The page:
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Kitahara CM, Preston DL, Sosa JA, Berrington de Gonzalez A. Association of Radioactive Iodine, Antithyroid Drug, and Surgical Treatments With Solid Cancer Mortality in Patients With Hyperthyroidism. JAMA Netw Open. 2020;3(7):e209660. doi:10.1001/jamanetworkopen.2020.9660
Are radioactive iodine or antithyroid drug treatments for hyperthyroidism associated with greater risk of solid cancer mortality compared with surgical management?
In this cohort study of 31 363 patients who were cancer free at baseline, no association was found between treatment group (radioactive iodine, medications, and/or surgery) and risk of solid cancer mortality. Among patients receiving radioactive iodine treatment, the association with solid cancer mortality increased with greater total administered activity.
The findings suggest that the association between radioactive iodine treatment and solid cancer mortality is dose dependent.
The long-term health effects of radioactive iodine (RAI) and antithyroid drug (ATD) treatments compared with surgery for hyperthyroidism remain uncertain.
To compare solid cancer mortality rates associated with RAI and ATD treatments vs surgical management for hyperthyroidism.
Design, Setting, and Participants
This multicenter cohort study assessed patients treated for hyperthyroidism from January 1, 1946, to December 31, 1964, with follow-up through December 31, 2014. Data analysis was performed from August 1, 2019, to April 23, 2020.
Management with RAI, ATDs, surgical intervention, or combinations of these treatments.
Main Outcomes and Measures
Comparisons of solid cancer mortality rates in each treatment group with expected rates from the general population were assessed using standardized mortality ratios (SMRs), and internal comparisons were assessed using hazard ratios (HRs) adjusted for age, sex, and underlying diagnosis (Graves disease or toxic nodular goiter).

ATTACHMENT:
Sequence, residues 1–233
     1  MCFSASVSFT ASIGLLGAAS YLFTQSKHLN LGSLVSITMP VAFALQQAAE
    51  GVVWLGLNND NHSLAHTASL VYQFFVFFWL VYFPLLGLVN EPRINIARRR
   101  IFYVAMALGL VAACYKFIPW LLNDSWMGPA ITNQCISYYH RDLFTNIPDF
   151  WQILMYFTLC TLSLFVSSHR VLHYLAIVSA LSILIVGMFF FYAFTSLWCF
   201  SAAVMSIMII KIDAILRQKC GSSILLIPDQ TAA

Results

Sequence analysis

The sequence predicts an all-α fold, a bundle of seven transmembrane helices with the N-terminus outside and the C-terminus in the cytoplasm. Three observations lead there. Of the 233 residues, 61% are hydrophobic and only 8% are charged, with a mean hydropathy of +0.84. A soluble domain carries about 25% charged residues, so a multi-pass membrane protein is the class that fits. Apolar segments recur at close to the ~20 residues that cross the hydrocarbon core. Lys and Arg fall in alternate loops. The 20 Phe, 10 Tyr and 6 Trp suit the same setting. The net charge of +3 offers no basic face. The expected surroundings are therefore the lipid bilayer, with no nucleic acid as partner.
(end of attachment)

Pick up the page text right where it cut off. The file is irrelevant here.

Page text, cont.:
Of 31 363 patients (24 894 [79.4%] female; mean [SD] age, 46.9 [14.8] years) included in the study, 28 523 (90.9%) had Graves disease. The median follow-up time was 26.0 years (interquartile range, 12.3-41.9 years). Important differences in patient characteristics existed across treatment groups at study entry. Notably, the drug-only group (3.6% of the cohort) included a higher proportion of patients with prior cancers (7.3% vs 1.9%-4.0%), contributing to an elevated SMR for solid cancer mortality. After excluding prior cancers, solid cancer SMRs were not elevated in any of the treatment groups (SMR for surgery only, 0.82 [95% CI, 0.66-1.00]; SMR for drugs only, 0.90 [95% CI, 0.74-1.09]; SMR for drugs and surgery, 0.88 [95% CI, 0.84-0.94]; SMR for RAI only, 0.90 [95% CI, 0.84-0.96]; SMR for surgery and RAI, 0.66 [95% CI, 0.52-0.85]; SMR for drugs and RAI, 0.94 [95% CI, 0.89-1.00]; and SMR for drugs, surgery, and RAI, 0.85 [95% CI, 0.75-0.96]), and no significant HRs for solid cancer death were observed across treatment groups. Among RAI-treated patients, HRs for solid cancer mortality increased significantly across levels of total administered activity (1.08 per 370 MBq; 95% CI, 1.03-1.13 per 370 MBq); this association was stronger among patients treated with only RAI (HR, 1.19 per 370 MBq; 95% CI, 1.09-1.30 per 370 MBq).
Conclusions and Relevance
After controlling for known sources of confounding, the study found no significant differences in the risk of solid cancer mortality by treatment group. However, among RAI-treated patients, a modest positive association was observed between total administered activity and solid cancer mortality, providing further evidence in support of a dose-dependent association between RAI and solid cancer mortality.
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